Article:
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By Janet Nicol, retired teacher, Vancouver

Secret Schools: True Stories of the Determination to Learn published by Owlkids Books, 2022

What if the secret you are keeping is that you go to school? This is the question Toronto-based author Heather Camlot poses in her inspiring non-fiction book aimed at middle grade readers. Fifteen well-researched accounts depict “underground” classrooms around the world at various times in history. Linocut prints by Vancouver artist Erin Taniguchi illustrate each true story with empathy and imagination. 

The first of five thematic chapters looks at the “subversive” teaching of government-banned languages experienced by Japanese migrant workers in Brazil from 1930 to 1945, Indigenous Peoples in Ecuador in the mid-1940s to 1963, and Lithuanians living under Russian rule from 1863 to 1904. According to the author, “all refused to let authorities stamp out their language.” Heroes emerged, including book smugglers, teachers, and community activists. Because these secret schools persisted, the government in all three countries eventually abolished the language ban.

“Hope and Dignity,” is a compelling chapter and begins with an account rooted in the 1600s, when hundreds of thousands of people from African countries were kidnapped, brought to the United States, and sold as forced, unpaid labour. Imparting literacy and knowledge to enslaved Black people over the ensuing generations was discouraged and even outlawed. However, learning frequently took place in secret, some schools run from the homes of freed Black people.

Under the Nazi regime in Germany (1933–1945) more than 1,000 segregated ghettos were imposed on Jewish people across occupied Eastern Europe. Educating Jewish children was forbidden, but hidden classrooms were established in defiance, some in soup kitchens, stables, and attics. Even within the horrific concentration camps, there were instances of Jewish prisoners conducting secret classes. 

Between 1961 and 1991, more than 3,000 political prisoners, including freedom-fighter Nelson Mandela, were sent to Robben Island in South Africa. The common bond among prisoners in the maximum security prison was their fight to end a racist apartheid regime imposed by white rulers. Teaching and learning went on covertly.

The chapter on “Girls’ Rights” highlights a few different periods through history when women and girls banded together to resist oppressive and sexist policies. Education for girls was banned when the Taliban ruled Afghanistan from 1996 to 2001. Secret schools for girls sprung up during those five oppressive years, as the author describes, including under the guise of sewing circles. When Poland lost its independence in 1795, girls were forbidden to attend school but in 1882, an underground organization called Flying University was organized in Warsaw. And in 1907 when the Iranian government wouldn’t finance schooling for girls, a secret society in Tehran raised the necessary funds. 

A rogue chapter devoted to “Spy Schools,” describes top-secret, government-approved learning institutions, created for the purpose of serving the interests of the state. Here’s a critical question for readers to consider: Do spy schools control and subvert students rather than educate and uplift them?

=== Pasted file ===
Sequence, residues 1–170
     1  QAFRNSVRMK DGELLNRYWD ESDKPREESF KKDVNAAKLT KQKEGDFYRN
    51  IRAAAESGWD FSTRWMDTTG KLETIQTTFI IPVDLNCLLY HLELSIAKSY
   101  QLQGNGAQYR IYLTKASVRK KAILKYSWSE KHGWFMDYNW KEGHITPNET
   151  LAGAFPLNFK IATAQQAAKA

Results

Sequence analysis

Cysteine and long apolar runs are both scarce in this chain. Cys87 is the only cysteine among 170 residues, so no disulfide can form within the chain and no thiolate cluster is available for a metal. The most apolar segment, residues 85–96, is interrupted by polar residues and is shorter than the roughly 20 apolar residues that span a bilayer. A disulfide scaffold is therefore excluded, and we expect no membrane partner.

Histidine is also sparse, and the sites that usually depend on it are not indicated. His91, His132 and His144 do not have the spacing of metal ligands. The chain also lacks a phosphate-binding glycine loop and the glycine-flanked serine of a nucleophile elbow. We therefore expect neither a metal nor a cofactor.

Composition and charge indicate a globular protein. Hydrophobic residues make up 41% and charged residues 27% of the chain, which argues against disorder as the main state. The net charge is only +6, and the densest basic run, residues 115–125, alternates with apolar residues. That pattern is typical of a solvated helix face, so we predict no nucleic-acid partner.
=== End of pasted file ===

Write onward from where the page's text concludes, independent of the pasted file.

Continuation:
Also stretching the definition of secret schools is the final chapter titled “Radical Learning.” The first account describes university students in South Korea who set up illegal “study circles” in the 1980s, leading to organized protests and a push for democracy from military rule. A second account, better depicted as “under the public radar” rather than “top secret” describes American billionaire Elon Musk’s non-profit, experimental school, established in California in 2014 and focused on math and the sciences. As with the chapter on spy schools, it lends itself to critical discussion, especially about commercialization and privatization of schooling, and the value of also teaching the humanities along with math and the sciences. 

Most dramatic in this chapter on radical learning, is the secret school in Indonesia’s capital of Jakarta where children of suicide bombers “unlearn” the teaching of their parents, giving them a chance at a normal life.

Secret Schools offers many opportunities for instruction in the social studies classroom. Before students are exposed to the book’s content, the teacher could ask the class the following: Why would a secret school exist? List as many reasons as possible. Next, students in groups could be assigned a single chapter to read, summarize, and report-out to the class. A class discussion follows, based on two questions: What surprised you about these secret schools? What do you want to learn more about?  

In conclusion, students respond to the following question through a group discussion or written report: Have these stories changed your viewpoint about education? Explain. 

However educators choose to introduce this book into the classroom, it is certain readers will gain a new perspective about the world around them and their own role as students attending an “open” school.

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Category/Topic: Teacher Magazine